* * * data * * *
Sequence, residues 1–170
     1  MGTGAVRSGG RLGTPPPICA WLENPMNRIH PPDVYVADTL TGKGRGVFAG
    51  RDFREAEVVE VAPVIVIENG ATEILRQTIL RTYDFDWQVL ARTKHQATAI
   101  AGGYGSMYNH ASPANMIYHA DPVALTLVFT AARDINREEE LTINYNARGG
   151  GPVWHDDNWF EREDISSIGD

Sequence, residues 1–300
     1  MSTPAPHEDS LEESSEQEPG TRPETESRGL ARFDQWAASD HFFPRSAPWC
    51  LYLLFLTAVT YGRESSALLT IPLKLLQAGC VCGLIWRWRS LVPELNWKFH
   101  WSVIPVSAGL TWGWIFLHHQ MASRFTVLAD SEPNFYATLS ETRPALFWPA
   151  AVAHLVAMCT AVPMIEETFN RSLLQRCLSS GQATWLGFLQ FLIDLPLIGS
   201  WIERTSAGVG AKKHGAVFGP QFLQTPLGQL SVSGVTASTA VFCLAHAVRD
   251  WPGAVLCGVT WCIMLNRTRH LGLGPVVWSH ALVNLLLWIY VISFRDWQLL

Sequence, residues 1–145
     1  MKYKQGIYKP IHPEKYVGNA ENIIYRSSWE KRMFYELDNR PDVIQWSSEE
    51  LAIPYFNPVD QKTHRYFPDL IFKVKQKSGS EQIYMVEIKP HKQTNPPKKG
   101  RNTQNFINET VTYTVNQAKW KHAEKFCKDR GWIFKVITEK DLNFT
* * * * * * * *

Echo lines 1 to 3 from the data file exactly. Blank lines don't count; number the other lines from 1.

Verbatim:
Sequence, residues 1–170
     1  MGTGAVRSGG RLGTPPPICA WLENPMNRIH PPDVYVADTL TGKGRGVFAG
    51  RDFREAEVVE VAPVIVIENG ATEILRQTIL RTYDFDWQVL ARTKHQATAI